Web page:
Fungus Gnats

Fungus Gnat Control & Identification

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Fungus gnats belong to the families Sciaridae and Fungivoridae and typically are found in and around areas with high humidity. Female fungus gnats deposit their eggs in soil or other damp, decaying organic plant material. These eggs hatch into larvae. The larvae of some species feed on fungus in overwatered soil, but there are other species that consume plant roots as a source of nutrients. This leads to diminished health in affected plants. When infested with fungus gnat larvae, plants show signs of stunted development. Gnat larvae also carry plant pathogens and make plants highly susceptible to various plant diseases.

Unlike some other flying insects, fully mature fungus gnats often remain low to the ground, close to plants and soil. Adults are seen on leaf litter and foliage, while larvae remain in the soil until they pupate. The larvae of fungus gnats are legless and have transparent bodies with black head capsules. Pupae are difficult to see without the use of a magnifying glass. They are stout and dark in color.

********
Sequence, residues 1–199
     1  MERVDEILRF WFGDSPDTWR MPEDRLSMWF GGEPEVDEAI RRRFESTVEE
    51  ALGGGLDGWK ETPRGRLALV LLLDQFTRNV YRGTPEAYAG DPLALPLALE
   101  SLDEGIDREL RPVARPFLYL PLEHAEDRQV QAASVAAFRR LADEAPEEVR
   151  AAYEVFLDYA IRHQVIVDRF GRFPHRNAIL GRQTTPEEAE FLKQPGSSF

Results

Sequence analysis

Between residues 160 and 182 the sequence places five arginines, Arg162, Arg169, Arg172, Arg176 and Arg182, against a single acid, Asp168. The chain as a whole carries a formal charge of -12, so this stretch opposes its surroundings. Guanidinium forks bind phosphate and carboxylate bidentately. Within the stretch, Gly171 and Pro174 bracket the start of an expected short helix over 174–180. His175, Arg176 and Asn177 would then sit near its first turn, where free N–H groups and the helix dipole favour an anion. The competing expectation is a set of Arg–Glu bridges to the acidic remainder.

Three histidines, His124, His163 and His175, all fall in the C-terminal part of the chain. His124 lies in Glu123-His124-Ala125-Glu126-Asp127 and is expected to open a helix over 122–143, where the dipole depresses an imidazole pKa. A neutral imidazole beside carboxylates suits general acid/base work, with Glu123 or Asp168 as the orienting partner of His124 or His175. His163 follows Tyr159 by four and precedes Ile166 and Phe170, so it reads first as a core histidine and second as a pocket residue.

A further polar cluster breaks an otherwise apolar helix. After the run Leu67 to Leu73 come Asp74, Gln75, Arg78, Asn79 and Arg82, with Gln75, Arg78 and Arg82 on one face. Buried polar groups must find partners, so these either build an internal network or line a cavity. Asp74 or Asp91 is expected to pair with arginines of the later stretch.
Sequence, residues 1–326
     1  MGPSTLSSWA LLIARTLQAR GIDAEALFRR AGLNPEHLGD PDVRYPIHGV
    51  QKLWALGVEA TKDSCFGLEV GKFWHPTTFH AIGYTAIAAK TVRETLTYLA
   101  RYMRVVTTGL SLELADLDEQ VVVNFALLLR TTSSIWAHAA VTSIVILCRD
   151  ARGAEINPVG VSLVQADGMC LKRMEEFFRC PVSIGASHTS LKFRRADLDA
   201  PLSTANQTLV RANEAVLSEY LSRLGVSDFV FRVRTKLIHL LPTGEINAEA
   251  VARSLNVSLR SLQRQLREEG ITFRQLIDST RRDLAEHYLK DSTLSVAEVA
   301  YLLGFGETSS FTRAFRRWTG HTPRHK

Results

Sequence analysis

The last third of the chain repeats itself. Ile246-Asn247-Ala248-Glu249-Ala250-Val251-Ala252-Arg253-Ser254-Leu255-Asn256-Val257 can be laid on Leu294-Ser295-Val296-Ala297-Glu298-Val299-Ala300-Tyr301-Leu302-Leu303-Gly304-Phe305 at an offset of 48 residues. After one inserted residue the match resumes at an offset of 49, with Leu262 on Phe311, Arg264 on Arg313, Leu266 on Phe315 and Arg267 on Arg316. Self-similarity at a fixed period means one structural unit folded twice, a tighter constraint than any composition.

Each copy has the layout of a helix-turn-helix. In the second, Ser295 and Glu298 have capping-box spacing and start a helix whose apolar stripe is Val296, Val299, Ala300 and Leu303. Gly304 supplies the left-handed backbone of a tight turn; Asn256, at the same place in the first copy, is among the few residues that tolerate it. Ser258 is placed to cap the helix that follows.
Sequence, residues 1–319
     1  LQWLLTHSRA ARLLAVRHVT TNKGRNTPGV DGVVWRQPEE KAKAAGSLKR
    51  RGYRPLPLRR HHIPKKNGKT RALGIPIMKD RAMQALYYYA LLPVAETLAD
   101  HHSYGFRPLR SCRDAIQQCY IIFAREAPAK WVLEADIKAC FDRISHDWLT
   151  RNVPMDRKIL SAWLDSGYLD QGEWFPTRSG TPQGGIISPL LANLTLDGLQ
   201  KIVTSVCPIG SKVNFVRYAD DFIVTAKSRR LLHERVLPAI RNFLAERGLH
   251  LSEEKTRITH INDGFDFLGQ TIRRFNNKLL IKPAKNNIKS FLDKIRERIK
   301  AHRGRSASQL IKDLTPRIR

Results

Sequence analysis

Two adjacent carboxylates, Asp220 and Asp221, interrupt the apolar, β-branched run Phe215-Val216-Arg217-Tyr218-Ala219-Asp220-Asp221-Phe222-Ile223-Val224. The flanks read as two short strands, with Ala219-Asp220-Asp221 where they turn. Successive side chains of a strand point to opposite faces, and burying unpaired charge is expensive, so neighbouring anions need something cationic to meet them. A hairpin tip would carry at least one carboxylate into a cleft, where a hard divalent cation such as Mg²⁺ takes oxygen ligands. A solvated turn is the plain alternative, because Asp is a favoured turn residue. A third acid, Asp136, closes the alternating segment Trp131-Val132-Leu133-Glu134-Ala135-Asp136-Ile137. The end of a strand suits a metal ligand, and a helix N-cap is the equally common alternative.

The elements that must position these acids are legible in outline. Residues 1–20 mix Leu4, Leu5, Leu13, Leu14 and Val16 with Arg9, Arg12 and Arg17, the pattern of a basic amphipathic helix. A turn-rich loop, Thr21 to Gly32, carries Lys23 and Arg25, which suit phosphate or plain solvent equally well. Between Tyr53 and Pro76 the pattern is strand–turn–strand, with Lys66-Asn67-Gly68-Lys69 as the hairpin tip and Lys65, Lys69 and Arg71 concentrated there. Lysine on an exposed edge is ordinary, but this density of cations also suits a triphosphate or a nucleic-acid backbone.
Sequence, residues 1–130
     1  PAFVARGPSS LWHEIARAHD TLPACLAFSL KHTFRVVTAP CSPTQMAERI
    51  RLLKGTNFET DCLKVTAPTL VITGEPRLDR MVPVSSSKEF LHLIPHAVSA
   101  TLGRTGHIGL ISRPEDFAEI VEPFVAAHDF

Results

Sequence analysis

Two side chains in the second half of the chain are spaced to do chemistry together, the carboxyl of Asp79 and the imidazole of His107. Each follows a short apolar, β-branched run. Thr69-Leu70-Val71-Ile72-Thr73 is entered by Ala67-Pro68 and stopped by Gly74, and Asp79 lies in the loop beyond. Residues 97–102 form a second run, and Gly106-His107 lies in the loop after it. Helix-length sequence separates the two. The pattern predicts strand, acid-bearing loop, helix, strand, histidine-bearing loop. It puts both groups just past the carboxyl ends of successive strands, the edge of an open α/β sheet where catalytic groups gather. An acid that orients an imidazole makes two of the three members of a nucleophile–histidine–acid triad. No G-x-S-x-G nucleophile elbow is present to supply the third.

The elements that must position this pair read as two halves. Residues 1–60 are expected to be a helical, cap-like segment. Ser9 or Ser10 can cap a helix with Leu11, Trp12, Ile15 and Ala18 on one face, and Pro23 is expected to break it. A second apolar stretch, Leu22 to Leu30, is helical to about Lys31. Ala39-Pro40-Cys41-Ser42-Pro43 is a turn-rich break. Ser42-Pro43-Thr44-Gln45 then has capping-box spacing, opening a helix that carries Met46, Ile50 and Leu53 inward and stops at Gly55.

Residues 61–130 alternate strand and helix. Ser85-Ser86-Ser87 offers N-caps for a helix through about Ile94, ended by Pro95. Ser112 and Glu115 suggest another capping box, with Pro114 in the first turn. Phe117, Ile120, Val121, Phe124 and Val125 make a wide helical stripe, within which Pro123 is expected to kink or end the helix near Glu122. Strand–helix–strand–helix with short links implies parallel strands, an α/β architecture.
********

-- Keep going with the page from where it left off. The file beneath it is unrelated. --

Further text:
Fungus Gnat Life Cycle & Biology

Larvae develop and feed in damp, organic material and are typically found in the soil around potted plants indoors. Larvae begin feeding on fungus or on the root hairs of plants but eventually feed upon the roots of the plant, as well as edible organic material present within the soil. Dark-winged fungus gnat larvae feed on the roots of alfalfa, carnation, clover, corn, cucumbers, Easter lilies, geraniums, lettuce, nasturtium, peppers, poinsettias, potatoes, soybeans, wheat and other organic matter.

Larvae then undergo a pupal stage that spans approximately three days, after which adult gnats emerge. These adult fungus gnats continue the mating cycle, increasing the population of their species. Because fungus gnats are extremely small, their presence can go undetected until previously healthy plants show signs of wilting and disease.

Both adult and larval fungus gnats inhabit humid and dark areas. Eggs hatch within a few days, and fungus gnat larvae emerge.

Controlling or Getting Rid of Fungus Gnats

The use of natural parasites may be effective in commercial growing environments. Fungus gnats infest home, office, commercial and apartment plants, as well, and insecticide use is not effective. Rather, it is important to constantly monitor your houseplants for winged adults. Do not overwater plants. Schedule a pest control inspection to discuss eradication of indoor populations.